Triple-negative breast cancer (TNBC) is defined by lack of expression of estrogen receptor (ER), progesterone receptor (PR), and human epidermal growth factor receptor 2 (HER-2) and is characteristically an aggressive cancer, especially in a metastatic setting. Approximately 15-20% of all breast cancers are TNBC. In spite of recent improvements in TNBC treatment, the lack of known specific therapeutic targets and the heterogeneous response to chemotherapy make it difficult to attack TNBC and obtain a consistent outcome and meaningful benefit. Recently, cisplatin chemotherapy has regained interest based on growing evidence on achieving better outcome from preclinical and clinical data. However, many TNBC patients are not responding to the treatment;and there is no clinical practical way to identify in which individuals'cisplatin chemotherapy will be effective t avoid unnecessary toxicity and cost of healthcare. The objective of this study is to develop a computational framework, based on signal processing and machine learning techniques, for identifying novel cisplatin response candidate biomarkers in TNBC more accurately and efficiently from next-generation sequencing (NGS) data. The recent discovery of the p63/p73 expression, p53 mutation and measurements of DNA repair status effects on the sensitivity to cisplatin in TNBC patients has indicated the existence of cisplatin response predictors and the need for further investigation. In this study, we will develo a novel sequence-based copy number variation (CNV) detection tool, using signal processing techniques;and a novel supervised integrative analysis tool, based on Bayesian network analysis which integrates CNV, point mutation and gene expression data. We will hone and validate the innovative methods and tools on publically available data such as The Cancer Genome Atlas (TCGA) data. Then by collaborating with oncologists and pathologists from Beth Israel Deaconess Medical Center (BIDMC) and using the Dana- Farber/Harvard Cancer Center DNA Resource Core services, we will generate novel DNA sequence and RNA- seq datasets on responsive and non-responsive TNBC tumor samples from an existing clinical trial, which was designed to study preoperative cisplatin in early-stage breast cancer. By applying the proposed computational framework we will shed unprecedented light on potential predictors of TNBC response to cisplatin therapy that can help guide biomarker selection. We will verify the candidate biomarkers through gene ontology and pathway analyses. In addition, we will analyze TCGA data to determine the prevalence of these candidate biomarkers in TNBC.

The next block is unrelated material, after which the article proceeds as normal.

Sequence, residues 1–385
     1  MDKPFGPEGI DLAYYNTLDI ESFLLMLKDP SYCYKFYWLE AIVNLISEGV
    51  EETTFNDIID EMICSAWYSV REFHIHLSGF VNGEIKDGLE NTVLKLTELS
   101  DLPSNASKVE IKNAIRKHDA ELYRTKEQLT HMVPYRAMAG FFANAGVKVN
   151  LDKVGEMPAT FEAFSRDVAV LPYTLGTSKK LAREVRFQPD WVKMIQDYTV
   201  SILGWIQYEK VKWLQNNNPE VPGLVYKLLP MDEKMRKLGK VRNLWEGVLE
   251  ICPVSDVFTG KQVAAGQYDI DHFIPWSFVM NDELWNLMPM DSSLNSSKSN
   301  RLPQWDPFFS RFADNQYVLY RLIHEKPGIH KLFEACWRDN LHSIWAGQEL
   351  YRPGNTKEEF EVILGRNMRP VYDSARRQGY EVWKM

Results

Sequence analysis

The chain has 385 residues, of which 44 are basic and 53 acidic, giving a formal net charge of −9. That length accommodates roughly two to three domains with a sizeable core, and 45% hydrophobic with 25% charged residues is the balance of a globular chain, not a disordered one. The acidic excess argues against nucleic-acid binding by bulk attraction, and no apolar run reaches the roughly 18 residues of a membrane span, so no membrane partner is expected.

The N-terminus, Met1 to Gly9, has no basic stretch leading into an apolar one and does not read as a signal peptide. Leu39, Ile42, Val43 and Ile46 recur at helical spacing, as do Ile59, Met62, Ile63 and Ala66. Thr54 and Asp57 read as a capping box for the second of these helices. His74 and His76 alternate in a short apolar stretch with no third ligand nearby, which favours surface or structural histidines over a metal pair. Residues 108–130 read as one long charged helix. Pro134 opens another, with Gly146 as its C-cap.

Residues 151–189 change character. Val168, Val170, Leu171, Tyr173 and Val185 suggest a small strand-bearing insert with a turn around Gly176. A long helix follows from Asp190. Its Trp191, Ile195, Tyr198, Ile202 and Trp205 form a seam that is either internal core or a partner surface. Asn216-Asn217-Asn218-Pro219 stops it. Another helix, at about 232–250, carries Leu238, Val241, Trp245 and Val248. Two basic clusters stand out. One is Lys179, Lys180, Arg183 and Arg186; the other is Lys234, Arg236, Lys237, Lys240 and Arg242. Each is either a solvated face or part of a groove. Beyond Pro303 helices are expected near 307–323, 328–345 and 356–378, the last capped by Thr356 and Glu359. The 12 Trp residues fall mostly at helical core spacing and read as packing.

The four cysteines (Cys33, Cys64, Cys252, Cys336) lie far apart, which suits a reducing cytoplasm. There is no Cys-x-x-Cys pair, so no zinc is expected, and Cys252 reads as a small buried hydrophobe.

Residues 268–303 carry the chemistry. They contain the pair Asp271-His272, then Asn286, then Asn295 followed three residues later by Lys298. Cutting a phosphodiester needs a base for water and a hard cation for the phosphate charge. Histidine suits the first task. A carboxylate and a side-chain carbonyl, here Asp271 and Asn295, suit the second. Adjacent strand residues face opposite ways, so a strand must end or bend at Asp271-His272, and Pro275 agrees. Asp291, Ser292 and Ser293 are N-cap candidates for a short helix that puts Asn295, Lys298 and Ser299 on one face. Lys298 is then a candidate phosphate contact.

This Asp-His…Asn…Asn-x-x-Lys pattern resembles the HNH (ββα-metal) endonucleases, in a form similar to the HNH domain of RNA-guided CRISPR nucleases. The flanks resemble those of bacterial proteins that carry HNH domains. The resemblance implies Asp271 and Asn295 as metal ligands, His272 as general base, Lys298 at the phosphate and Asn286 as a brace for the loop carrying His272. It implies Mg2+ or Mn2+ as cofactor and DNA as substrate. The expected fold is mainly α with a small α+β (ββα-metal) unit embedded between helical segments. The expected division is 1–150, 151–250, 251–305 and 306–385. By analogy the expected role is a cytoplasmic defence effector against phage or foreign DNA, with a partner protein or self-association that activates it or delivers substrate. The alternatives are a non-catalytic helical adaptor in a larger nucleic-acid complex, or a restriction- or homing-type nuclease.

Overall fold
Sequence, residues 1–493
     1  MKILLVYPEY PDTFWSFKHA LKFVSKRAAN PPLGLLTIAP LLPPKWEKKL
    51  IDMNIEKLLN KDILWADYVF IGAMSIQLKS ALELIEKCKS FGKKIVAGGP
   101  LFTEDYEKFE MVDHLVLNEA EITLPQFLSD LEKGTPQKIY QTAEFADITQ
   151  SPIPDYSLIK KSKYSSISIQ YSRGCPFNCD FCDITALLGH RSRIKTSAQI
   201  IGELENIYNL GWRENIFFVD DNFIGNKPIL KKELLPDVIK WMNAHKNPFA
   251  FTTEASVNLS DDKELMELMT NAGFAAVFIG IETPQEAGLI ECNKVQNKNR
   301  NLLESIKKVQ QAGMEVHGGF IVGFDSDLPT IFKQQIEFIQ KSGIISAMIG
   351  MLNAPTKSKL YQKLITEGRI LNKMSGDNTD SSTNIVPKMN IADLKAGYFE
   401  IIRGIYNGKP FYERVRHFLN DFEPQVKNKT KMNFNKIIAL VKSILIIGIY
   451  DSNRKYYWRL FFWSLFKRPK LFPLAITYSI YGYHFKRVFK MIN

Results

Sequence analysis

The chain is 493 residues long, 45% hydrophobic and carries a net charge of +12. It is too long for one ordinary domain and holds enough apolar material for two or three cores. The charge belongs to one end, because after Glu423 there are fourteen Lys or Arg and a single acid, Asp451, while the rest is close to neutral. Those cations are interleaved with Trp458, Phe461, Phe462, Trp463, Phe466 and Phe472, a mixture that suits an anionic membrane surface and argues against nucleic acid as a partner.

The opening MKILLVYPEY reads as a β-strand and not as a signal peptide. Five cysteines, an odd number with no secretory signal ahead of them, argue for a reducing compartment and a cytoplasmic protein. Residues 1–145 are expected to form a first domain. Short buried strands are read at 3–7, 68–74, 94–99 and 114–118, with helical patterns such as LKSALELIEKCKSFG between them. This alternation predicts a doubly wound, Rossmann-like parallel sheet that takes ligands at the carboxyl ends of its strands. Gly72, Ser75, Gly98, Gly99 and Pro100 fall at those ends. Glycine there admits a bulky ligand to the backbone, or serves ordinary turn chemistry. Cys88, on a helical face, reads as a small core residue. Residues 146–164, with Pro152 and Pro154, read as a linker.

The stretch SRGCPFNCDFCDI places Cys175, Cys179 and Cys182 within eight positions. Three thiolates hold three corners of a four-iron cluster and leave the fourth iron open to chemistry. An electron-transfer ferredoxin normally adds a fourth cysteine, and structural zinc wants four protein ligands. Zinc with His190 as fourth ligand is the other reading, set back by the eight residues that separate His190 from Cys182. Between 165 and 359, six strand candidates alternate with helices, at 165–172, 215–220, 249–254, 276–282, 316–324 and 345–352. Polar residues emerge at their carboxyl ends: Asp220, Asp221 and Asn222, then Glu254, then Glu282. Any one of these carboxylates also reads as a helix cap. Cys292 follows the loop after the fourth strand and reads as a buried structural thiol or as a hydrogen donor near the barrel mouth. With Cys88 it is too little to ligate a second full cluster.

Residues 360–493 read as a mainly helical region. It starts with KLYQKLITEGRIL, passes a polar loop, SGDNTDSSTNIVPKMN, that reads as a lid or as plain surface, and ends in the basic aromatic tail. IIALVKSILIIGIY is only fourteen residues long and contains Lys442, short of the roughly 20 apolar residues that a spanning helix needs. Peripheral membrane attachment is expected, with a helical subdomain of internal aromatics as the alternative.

The objective of this study is to develop a computational framework, based on signal processing and machine learning techniques, to more accurately and efficiently identify novel cisplatin response candidate biomarkers in triple negative breast cancer (TNBC) from next-generation sequencing data. Successful completion of this proposal will result in two important public health impacts: (1) Candidate response biomarkers of cisplatin chemotherapy responsive TNBCs, and (2) A computational approach supporting personalized medicine for TNBC. Furthermore, once established, this framework can be extended to the detection of biomarkers in other tumor types, and can contribute to improving the drug development process and the effectiveness of cancer care.